It is official: the Putin marriage is over.
Unofficially it has been the reality for several years. Rarely seen together in public, it was usually at Easter in the splendor of Russia’s national Cathedral of Christ the Saviour that the public might see the couple standing side by side, as in 2011 and 2008. Mr. Putin attended services alone, standing by Dmitry and Svetlana Medvedeva in 2010 and 2009.
Outside of the occasional greeting of visiting foreign leaders, one could count on one hand the public sightings of the two together. That would include Easter 2011, casting their ballots in the presidential election of March 2012, the presidential inauguration in the Kremlin Grand Palace (followed by the ceremonial blessing in the Kremlin’s ancient Annunciation Cathedral), and the funeral of Patriarch Alexi II in 2008. They usually spent Christmas holidays apart; Mr. Putin spent Christmas alone in a village outside Moscow last year.
Journalists knew better than to inquire about family matters, so when President and Mrs. Putina granted an interview last night to state television channel Russia 24 after taking in the first act in a performance of the Esmeralda ballet, the announcement came as a surprise. The Russian people have for some time sensed the end of the marriage, yet conservative attitudes held that the public had come to expect the couple to maintain silence on the issue while in public office.
There they stood, she watching him intensely as they approached a camera crew in the Grand Kremlin Palace. Mr. Putin spoke first and then Lyudmila. In less in a minute it was clear that the marriage was over. In the words of the gracious Lyudmila, “our marriage is over because we barely see either other…our children are grown…we simply don’t see either other.”
Mrs. Putina’s comments lasted a scant 19 seconds, yet twice she mentioned that they never see each other, a point that while obvious still struck this reporter as sad for both of them.
Lyudmila Putina will fade from view, of this we are certain. The rare days of seeing her at official functions, mostly of Mrs. Putina holding one of their dogs when foreign dignitaries visited the presidential residence at Novo-Ogaryovo outside Moscow, are over. Both dog lovers, the two pledged to remain friends–but no word yet on what happens to the family pooches: Koni, Yume and Buffy.
Koni is a hit with journalists–so much so that the presidential press office had to issue a friendly but official request from Mr. Putin asking journalists not to feed Koni. “Sometimes, Koni leaves a room full of journalists with a very pleased expression on her face and biscuit crumbs around her mouth…Please don’t feed my dog.” Koni was born in 1999 and is frequently at President Putin’s side when greeting foreign dignitaries at his office in Novo-Ogarvovo.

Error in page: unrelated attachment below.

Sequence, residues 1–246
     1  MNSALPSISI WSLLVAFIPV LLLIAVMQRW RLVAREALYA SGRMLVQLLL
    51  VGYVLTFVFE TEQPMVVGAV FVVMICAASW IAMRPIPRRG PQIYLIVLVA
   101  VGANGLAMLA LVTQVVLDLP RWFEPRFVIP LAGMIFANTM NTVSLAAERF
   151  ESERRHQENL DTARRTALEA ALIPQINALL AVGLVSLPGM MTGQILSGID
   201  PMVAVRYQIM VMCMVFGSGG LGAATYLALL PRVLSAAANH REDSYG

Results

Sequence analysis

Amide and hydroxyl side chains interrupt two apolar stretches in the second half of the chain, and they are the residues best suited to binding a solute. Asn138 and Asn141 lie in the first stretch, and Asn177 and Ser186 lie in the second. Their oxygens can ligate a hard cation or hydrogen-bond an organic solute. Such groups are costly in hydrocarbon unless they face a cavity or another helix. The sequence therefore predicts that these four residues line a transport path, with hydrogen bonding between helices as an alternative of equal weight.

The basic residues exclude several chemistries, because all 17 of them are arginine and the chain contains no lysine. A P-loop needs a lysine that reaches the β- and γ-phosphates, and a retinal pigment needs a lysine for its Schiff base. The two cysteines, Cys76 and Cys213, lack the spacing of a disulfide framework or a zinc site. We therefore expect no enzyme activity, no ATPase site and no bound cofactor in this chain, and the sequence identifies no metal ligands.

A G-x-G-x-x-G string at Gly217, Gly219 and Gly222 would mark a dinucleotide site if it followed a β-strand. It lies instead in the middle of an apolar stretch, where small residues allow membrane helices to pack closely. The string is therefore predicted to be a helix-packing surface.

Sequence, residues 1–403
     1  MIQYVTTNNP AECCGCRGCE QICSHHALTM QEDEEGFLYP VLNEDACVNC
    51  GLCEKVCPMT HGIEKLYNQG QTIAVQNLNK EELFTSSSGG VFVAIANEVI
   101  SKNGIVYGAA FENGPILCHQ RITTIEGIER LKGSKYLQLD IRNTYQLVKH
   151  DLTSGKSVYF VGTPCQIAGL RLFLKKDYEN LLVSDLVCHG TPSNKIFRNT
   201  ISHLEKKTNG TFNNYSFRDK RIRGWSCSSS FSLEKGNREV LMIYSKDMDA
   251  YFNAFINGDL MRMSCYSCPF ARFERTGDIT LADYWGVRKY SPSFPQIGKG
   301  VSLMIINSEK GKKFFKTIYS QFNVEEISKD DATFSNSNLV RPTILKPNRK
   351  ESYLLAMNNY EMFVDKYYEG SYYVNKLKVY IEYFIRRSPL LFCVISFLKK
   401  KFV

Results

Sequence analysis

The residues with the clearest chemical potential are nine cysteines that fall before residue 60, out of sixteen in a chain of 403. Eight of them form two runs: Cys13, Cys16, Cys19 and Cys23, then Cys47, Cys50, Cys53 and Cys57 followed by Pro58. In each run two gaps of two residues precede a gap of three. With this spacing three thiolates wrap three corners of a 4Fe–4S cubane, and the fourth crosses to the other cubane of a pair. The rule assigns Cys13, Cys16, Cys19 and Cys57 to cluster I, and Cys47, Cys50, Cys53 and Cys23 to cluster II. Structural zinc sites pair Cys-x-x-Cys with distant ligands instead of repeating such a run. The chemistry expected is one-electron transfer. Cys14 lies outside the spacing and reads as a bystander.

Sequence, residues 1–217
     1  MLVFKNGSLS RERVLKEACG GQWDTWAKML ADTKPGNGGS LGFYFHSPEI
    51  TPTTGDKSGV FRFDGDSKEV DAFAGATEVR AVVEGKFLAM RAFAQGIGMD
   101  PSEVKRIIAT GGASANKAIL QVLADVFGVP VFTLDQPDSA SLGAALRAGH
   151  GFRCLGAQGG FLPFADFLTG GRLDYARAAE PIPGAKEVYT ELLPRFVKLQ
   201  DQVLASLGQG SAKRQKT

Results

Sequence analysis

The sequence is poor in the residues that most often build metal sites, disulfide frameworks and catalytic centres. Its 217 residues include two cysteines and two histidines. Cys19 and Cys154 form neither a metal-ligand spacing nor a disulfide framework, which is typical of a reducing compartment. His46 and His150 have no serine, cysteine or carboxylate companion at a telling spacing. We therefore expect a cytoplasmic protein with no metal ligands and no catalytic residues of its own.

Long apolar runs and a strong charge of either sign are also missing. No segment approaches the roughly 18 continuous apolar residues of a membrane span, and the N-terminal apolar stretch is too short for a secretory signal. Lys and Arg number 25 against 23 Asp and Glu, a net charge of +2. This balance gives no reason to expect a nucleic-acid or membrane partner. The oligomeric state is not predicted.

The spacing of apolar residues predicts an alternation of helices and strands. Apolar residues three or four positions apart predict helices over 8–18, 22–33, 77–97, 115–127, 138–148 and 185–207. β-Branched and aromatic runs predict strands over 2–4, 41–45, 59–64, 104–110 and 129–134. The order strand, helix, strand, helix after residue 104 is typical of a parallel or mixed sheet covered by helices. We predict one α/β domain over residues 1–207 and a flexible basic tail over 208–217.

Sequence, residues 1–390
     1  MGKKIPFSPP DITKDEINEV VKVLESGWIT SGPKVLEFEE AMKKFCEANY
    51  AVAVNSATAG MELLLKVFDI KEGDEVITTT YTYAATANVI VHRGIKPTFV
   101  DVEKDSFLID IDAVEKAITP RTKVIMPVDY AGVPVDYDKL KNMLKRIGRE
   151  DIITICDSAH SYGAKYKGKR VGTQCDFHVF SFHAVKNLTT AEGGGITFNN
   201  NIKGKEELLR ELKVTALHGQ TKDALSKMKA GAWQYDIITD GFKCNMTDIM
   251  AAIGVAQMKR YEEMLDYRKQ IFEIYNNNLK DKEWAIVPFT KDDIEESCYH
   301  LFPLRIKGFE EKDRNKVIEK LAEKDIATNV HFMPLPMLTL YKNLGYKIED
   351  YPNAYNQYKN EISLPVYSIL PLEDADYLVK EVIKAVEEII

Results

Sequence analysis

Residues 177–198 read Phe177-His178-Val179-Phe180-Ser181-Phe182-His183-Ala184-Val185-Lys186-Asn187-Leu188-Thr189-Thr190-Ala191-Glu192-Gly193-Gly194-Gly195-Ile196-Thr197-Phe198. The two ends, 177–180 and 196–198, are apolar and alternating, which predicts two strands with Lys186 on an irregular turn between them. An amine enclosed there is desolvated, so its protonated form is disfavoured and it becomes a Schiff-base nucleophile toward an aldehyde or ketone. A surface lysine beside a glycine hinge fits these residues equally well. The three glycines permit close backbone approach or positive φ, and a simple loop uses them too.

Mrs. Putina is considered to be a specialist in Russian language and is expected to continue her work on preserving the integrity of the language.
Vladimir Putin and Lyudmila Shkrebneva met in 1980 and dated three years prior to their marriage on 28 July 1983. He made a promise to stay out of the KGB but it wasn’t long before the new Mrs. Putina, a trained linguist, found herself learning to speak German fluently when they moved to East Germany where Mr. Putin oversaw the East German state security apparatus.
Although clear that the two lived separate lives for years and while rumours swirled regarding Mr. Putin’s supposed affairs, he scrupulously wore his wedding band and if Lyudmila was mentioned in conversation his comments while brief have been respectful.
The couple was last seen together in public for his inauguration of his third term as president on 7 May 2012. Their divorce announcement came at the same place, the stately Kremlin Grand Palace.
Some speculated over recent years that Mrs. Putina had “taken the veil” and entered a woman’s monastery–something that might have been a more common form of banishment for royal wives during the years of the Russian Empire.
Russian media in the past has speculated that Mr. Putin maintains an affair with Russian gymnast Alina Kabayeva . The Russian newspaper that first reported the story, Moskovsky Korrespondent, was shut down soon after the story was published.
The Putins have two daughters, Maria is 27 and Yekaterina is 26, and both girls live and work in Moscow although the press is denied access to them. The two daughters attended German-language schools and then studied under assumed names at the State University in Saint Petersburg where Maria studied biology and Yekaterina majored in Asian Studies. Both are rumoured to be romantically involved with foreigners.